The Auckland 1990 Commonwealth Games - We Are England
The Auckland 1990 Commonwealth Games
Seb Coe 1990

The Auckland 1990 Commonwealth Games

Star-studded England battled 'dire' finances and finished second in Auckland's second Games.

Forty years had passed since the Games had been hosted in Auckland and whilst England’s financial anxieties had remained, journey times at least had improved a great deal.

England’s General Team Manager Brian Allinson wrote in his official report that it was ‘a brave financial decision’ to send a full team to New Zealand, but it was not nearly as brave as 40 years earlier. In 1950 the team’s only option was a five or six week long journey by boat in rough seas but by comparison in 1990 it was a mere 31 hours on a plane.

Finances were ‘dire’ however, as Allinson put it, and a team of 341 was not cheap to assemble. ‘Financial wizardry’ was required and eventually, aided by donations from industry and appeals made by hotel magnate Rocco Forte, funds were raised to send the biggest ever England team packed with star names such as Kriss Akabusi, Sebastian Coe, Sally Gunnell, Fatima Whitbread and Mark Foster.

From star names to Hollywood names, there was even an appearance for a young diver by the name of Jason Statham, who would achieve fame in later life on the big screen rather than high boards (above - Jason's biography in the England team's handbook).

Four-time judo world champion Karen Briggs was elected to carry the England flag at the Opening Ceremony and it was in judo where the nation excelled more than any other sport. 1990 was the first time judo appeared on the programme and it came at just the right time as England’s men and women won six of the seven titles each for 12 gold medals. Briggs herself secured extra lightweight gold whilst Elvis Gordon and Sharon Lee both won the heavyweight and open categories.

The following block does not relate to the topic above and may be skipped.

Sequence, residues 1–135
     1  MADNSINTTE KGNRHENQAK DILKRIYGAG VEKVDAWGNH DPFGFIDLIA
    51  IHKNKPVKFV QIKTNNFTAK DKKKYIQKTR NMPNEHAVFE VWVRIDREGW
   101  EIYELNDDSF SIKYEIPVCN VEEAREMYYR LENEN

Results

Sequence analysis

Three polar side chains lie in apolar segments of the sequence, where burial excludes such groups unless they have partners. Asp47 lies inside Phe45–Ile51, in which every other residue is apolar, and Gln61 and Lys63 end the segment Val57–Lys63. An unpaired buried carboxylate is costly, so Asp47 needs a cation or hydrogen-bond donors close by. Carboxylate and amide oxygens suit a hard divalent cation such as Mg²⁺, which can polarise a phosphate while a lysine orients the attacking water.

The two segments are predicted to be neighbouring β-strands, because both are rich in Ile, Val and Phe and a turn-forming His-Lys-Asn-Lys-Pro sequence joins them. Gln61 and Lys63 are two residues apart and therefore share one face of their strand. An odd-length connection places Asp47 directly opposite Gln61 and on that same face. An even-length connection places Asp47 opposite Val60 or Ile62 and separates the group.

India’s weightlifters were a force to be reckoned with but but there were still nine gold medals for England courtesy of Duncan Dawkins, Andrew Saxton and Mark Thomas who won three each. Keith Boxell and Peter May both took three silver medals apiece, being beaten by Dawkins and Saxton in their finals.

In shooting, Simon Belither and Andrew Tucker won gold in the full bore rifle pairs event, whilst the legendary Malcolm Cooper followed up his 1986 successes with two silver medals, one with Robert Smith (small bore rifle, three positions – pairs) who too won double silver.

Athletics saw England triumph once again, beating nearest rivals Australia by three gold medals. Linford Christie (above) secured the 100m title after his silver medal win four years earlier and his time of 9.93 was a hint of things to come. Three years later he would set the English 100m record and a year after that become only the third Briton to win the Olympic title. Together with the great Tony Jarrett (who won silver in the 110m hurdles), Clarence Callender, John Regis and Marcus Adam, he also won gold in the 4x100m relay. Not to be outdone by their male teammates, England's Angela Piggord, Jennifer Stoute, Linda Keough and Sally Gunnell also won the event's gold medal. Sebastian Coe (top of page) made his last ever competitive appearance but a chest infection meant he returned home without a medal.

The 4x100m relay successes were not the only English doubles. Sally Gunnell and Kriss Akabusi both won the 400m hurdles events, and Tessa Sanderson and Steve Backley won their javelin finals, the former completing a hat-trick of victories.

There was an-all English podium finish in the men's 200m with the aforementioned Adam and Regis winning gold and silver plus Ade Mafe taking bronze. Myrtle Augee claimed the only major title of her career with gold in the shot put and Diane Edwards was victorious in the 800m final. Peter Elliott and Eamonn Martin secured gold in the 1500m and 10,000m respectively.

It was almost a baron year for England in the pool with only Adrian Moorhouse winning gold, taking back the 100m breaststroke title he had won eight years earlier. It was a breakthrough year though for Mark Foster who finished with silver in the 4x100m freestyle and bronze in the 50m freestyle. Karen Pickering (above left, with Sharron Davies, June Croft, and Zara Long), later to become England's most decorated female athlete, won her first two Commonwealth Games medals with silver and bronze in the 4x100m medley and 4x100m freestyle events.

Like Edmonton 12 years earlier gymnastics was dominated by Canada, but in the sport's second appearance there was joy thanks to James May's gold, two silver and two bronze medals, Neil Thomas also winning gold and silver. As for cycling, it was a special year for Australia, but Chris Boardman was able to pick up two bronze medals in the team pursuit and team time trial.

1990 would be the last time England threatened the top order in the medals table as the Games headed to Victoria for 1994 and momentum stayed firmly with old rivals Australia.